They’re Going to Kill Sacco and Vanzetti



They’re Going to Kill Sacco and Vanzetti[1]

So, it’s been decided? America, having reached the height, the culmination of its power and prosperity, the creditor of the world, swollen with gold and pride, dares, as once did Nineveh, Babylon and Carthage, to defy destiny.

Don’t say that these are big words for a small act in the grand scheme of things, that two poor devils, two human atoms are just going to be taken away forcibly from the human community… Their names, that no one used to know, are famous today everywhere; every manual laborer, wage-earners like they were, knows their odyssey and willingly shares their martyrdom.

Already registered in the annals of the proletariat by the unusual, horrific length of their torment (which the tyrant Damocles needed to perpetuate his memory in the hatred of ages), now with the pronouncement of a sentence that had expired, these two names, in no blaze of glory, are going to become a symbol, a program, a flag! They will be brought out in every street demonstration; they will be engraved forever in the memory of the people and it is these names, alas!, that will be used to answer us when we try desperately to stammer out some words of pity.

For, these are not just two men condemned to capital punishment—as unjustly as they were. It is a principle that is attacked, a principle of such weight, of such important, of such a high moral value that we live in terror of seeing it annihilated.

Torture, according to the law, has been abolished by all people claiming to be civilized. It can only be practiced secretly, underhandedly. As soon as a scandal broke out, the criminals defended themselves by denying it. The governments of Romania, Poland, etc, pleaded not guilty in the face of the most damning, the least deniable evidence. The torturers of all fascisms, the blood-dripping hands, argue their innocence. As deviant as they are, they are still subject to the fear of the universal conscience and its verdicts. They lie about it instead of admitting it—which is a pathetic kind of shame—and they “do” it relatively quickly.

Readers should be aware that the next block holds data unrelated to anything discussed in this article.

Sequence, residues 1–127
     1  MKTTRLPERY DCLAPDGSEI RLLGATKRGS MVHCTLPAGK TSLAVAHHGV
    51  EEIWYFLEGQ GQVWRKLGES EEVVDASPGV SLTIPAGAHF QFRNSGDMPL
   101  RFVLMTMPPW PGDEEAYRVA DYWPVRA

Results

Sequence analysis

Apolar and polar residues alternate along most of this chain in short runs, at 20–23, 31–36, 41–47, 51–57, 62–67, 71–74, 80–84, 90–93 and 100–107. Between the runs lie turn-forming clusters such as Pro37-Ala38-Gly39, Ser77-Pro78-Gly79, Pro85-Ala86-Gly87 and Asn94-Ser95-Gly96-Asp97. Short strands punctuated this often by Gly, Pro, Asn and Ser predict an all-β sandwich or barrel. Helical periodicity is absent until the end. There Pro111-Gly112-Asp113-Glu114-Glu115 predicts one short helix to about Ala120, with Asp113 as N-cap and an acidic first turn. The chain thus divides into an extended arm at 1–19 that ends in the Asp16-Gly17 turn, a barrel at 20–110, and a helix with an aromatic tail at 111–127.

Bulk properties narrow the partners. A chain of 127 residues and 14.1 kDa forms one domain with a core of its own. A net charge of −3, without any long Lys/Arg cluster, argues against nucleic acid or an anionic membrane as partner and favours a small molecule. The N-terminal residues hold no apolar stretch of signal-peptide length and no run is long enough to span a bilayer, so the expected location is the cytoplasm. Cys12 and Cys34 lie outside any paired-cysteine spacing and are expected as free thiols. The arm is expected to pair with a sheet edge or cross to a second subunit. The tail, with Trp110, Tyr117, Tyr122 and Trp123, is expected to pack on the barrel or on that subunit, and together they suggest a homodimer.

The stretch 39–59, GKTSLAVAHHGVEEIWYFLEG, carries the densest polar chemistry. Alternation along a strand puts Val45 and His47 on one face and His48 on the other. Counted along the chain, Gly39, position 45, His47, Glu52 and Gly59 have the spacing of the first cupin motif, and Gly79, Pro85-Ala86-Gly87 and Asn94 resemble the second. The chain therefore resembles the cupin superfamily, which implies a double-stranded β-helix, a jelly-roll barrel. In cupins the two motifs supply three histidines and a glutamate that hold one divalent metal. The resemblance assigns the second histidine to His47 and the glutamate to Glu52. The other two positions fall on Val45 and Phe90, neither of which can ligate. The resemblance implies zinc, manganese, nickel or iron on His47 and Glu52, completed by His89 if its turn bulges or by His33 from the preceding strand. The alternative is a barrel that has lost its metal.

In Massachusetts it lasted seven years… and when the seven years had gone by, they execute!

They even spruce it up. They transfer the men to a special cell for condemned men for ten days before killing them, no doubt to make the agony more painful, that their nights be either sleepless or wracked with nightmares and their days full of agonizing visions! And Sacco has a wife and nine-year old daughter!

Next Thursday they are going to take them. For us here they do it at dawn. Obviously it is later over there so that the person will miss the daylight more deeply. They will walk down the corridors and arrive in the room where they will be tied like animals to the lethal chair. The electric current will pass through them and something invisible, something crushing will fall in the balance that weighs the fate of nations.

Let’s not talk about individual vengeance. It is something for great crimes and is not very useful as an excuse for atrocious retaliation. I don’t know from where or how or when the response of immanent justice will come for this act dishonoring those about to commit it. The unfortunate thing is that every ruin, every disaster, every plague affects the innocent… They also have to think of this, those who have a cold heart and lash out, even while defending them, with elusive curses that result in all kinds of wickedness.

There are loud cries of damnation rising in the world against yankee stubbornness…


Next:  The Broken Mirror

[1] Notes d’une frondeuse, 6 August 1927.